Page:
North and South Korea marked Sunday the 61st anniversary of the signing of the armistice that ended the 1950-53 Korean War, a day after Pyongyang fired a short-range missile into waters off its east coast.
North Korea revealed through its official news agency that leader Kim Jong Un on Saturday guided a rocket-firing drill targeting U.S. forces in South Korea without specifying the location of the exercise, but he was presumably at the scene of the missile launch on the country's western coastal region.
The Korean Central News Agency said Kim voiced his "great satisfaction" over a series of recent successful rocket firings and quoted him as saying, "The roar heard from today's firepower drill conducted to mark the war victory day is just like a thrilling gun report heralding the completion of the strategic force's combat preparations."
North Korea is believed to have launched a Scud-type missile in a northeastern direction from Jangsan Cape on its western coastal region around 9:40 p.m. Saturday, without advance warning or a no-fly or no-sail zone imposed, according to South Korea's Joint Chiefs of Staff.
The missile, which did not cause any damage, is presumed to have fallen into the Sea of Japan after crossing the Korean Peninsula and flying about 500 kilometers.
The Japanese government protested late Saturday over North Korea's 15th missile launch this year as another use of ballistic technology in violation of U.N. Security Council resolutions.
Japanese Prime Minister Shinzo Abe said during a trip to Mexico that Tokyo lodged a protest via diplomatic channels in Beijing. Japan and North Korea do not have diplomatic ties.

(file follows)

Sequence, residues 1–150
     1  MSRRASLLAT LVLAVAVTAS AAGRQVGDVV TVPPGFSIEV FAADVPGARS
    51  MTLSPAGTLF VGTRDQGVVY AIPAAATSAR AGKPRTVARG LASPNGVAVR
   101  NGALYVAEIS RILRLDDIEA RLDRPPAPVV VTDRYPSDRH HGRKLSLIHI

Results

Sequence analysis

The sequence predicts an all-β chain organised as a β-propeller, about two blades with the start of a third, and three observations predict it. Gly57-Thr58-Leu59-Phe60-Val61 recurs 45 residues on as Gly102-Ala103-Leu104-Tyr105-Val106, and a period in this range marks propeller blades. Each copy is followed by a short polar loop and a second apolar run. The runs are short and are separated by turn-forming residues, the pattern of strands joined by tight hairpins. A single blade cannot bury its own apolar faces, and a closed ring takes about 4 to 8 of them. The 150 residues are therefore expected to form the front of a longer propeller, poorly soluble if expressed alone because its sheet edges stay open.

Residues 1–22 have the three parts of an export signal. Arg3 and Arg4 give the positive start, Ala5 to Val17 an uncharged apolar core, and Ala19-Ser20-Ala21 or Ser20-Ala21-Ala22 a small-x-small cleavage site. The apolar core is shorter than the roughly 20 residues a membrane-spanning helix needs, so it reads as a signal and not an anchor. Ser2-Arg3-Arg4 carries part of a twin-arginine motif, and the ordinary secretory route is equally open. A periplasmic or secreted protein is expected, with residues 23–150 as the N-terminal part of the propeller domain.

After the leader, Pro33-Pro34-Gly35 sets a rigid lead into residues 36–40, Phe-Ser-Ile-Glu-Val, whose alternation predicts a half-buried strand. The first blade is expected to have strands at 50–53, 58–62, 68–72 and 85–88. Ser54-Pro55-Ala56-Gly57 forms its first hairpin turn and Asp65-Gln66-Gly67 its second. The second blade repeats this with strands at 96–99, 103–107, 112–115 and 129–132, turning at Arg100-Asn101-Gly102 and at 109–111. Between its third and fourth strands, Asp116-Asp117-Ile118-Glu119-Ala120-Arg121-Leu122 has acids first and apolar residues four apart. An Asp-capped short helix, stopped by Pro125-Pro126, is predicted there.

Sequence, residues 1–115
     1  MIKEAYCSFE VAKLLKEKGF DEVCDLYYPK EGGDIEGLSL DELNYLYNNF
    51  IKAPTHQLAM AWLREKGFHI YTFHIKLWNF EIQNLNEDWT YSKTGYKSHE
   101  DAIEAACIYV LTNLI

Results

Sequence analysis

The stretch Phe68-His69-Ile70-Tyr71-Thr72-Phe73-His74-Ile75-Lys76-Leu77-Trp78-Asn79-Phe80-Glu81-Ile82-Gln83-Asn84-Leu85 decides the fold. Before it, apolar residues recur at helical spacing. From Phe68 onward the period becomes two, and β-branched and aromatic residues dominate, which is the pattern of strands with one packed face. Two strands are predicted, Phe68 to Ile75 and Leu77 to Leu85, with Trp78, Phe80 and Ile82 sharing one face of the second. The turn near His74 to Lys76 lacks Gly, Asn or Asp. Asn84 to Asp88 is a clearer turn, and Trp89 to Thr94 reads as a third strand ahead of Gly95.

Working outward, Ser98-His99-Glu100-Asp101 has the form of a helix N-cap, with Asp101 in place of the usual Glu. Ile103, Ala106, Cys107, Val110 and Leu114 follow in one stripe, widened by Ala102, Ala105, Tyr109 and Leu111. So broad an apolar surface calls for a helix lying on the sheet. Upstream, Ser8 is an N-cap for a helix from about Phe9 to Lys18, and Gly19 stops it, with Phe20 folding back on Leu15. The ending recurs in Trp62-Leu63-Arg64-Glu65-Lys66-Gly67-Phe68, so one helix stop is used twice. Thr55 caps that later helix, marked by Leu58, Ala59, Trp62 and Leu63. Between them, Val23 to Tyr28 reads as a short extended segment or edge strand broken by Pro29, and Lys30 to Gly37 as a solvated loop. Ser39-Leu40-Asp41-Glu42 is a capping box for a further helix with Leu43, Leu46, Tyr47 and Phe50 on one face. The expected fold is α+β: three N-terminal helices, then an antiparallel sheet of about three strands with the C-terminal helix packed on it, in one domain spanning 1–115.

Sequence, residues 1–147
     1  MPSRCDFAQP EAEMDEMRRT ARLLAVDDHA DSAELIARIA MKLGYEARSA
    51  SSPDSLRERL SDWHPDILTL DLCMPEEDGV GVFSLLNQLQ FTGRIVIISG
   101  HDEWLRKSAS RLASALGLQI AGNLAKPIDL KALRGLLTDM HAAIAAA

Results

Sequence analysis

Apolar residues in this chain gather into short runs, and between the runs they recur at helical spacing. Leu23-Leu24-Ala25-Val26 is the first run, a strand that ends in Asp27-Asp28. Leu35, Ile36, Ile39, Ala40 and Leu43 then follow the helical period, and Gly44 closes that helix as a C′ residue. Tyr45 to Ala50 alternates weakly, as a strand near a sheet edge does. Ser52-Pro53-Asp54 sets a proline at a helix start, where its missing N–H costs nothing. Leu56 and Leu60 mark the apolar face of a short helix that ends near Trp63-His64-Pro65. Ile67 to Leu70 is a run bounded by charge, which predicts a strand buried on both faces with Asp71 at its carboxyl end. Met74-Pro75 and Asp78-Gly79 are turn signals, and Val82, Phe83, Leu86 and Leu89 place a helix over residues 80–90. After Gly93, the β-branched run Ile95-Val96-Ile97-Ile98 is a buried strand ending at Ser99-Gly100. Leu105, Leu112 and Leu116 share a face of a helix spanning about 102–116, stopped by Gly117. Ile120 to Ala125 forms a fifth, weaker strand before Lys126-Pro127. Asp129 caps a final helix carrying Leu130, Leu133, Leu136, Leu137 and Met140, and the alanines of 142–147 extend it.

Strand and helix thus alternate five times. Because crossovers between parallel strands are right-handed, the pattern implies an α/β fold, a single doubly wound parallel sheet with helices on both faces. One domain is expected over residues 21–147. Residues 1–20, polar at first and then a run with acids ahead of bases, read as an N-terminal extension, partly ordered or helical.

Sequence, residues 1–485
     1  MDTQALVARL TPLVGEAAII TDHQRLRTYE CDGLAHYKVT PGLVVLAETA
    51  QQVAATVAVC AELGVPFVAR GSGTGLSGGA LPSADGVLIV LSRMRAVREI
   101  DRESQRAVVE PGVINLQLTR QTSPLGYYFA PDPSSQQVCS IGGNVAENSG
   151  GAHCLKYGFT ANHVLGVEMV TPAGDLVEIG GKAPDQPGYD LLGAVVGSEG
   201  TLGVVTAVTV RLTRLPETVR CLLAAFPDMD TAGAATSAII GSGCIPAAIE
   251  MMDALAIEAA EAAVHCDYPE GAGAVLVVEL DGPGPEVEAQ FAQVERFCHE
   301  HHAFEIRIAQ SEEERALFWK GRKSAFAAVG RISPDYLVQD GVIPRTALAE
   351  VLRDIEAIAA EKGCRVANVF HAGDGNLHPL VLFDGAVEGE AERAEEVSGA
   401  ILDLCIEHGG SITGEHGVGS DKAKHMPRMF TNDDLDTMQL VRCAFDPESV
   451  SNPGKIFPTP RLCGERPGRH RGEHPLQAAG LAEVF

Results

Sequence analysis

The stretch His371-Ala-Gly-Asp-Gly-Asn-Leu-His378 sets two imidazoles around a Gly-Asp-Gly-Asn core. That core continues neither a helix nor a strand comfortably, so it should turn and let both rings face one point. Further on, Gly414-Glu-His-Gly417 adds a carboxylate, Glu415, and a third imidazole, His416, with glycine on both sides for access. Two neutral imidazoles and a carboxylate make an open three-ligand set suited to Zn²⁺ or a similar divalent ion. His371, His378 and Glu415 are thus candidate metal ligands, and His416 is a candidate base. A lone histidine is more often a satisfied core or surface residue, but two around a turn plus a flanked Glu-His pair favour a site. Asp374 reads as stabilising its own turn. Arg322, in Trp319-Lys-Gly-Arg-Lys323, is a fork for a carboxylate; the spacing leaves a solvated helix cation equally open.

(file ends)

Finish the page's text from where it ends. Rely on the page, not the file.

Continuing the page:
"We need to let them know that nuclear and missile development and economic revival won't go together," Abe told reporters, calling the launch a violation of the U.N. resolutions.
Abe said Japan would gather and analyze information in coordination with the United States and South Korea, ensure the safety of flights and maritime navigation, and swiftly give information to the public.
On Sunday, at a ceremony on the 61st anniversary of the truce in the South Korean part of Panmunjeom, Gen. Curtis Scaparrotti, who heads U.S. Forces Korea and the United Nations Command, pledged the forces will do everything they can to secure the South.
Scaparrotti also criticized North Korea for again violating U.N. resolutions and "endangering the safety of innocent people."
In North Korea, the anniversary of the suspension of open hostilities is every year celebrated as "victory" day in what it calls "the Fatherland Liberation War" against the U.S.-led U.N. and South Korean forces.
On the streets of the North Korean capital there were many signboards commemorating the "great war victory" and a large chorus of students and children was presented in its central plaza, Kim Il Sung Square, for the anniversary.
Many citizens in Pyongyang also visited Mansu Hill and laid flowers before giant bronze statues of the country's state founder Kim Il Sung and Kim Jong Il, the current leader's predecessor and father who died in December 2011.
But this year's anniversary was low key, unlike last year when there was a major military parade attended by Kim standing side by side with Chinese Vice President Li Yuanchao and senior officials of the North's estimated 1 million-strong military.
There were no indications of praising China for fighting on the side of North Korea in the war, reflecting a cooling of relations with its traditional ally.
The armistice signed July 27, 1953 ended open fighting, but a formal peace treaty has never been signed, leaving the Korean Peninsula in a technical state of war, divided at the 38th Parallel, now one of the world's most heavily militarized borders.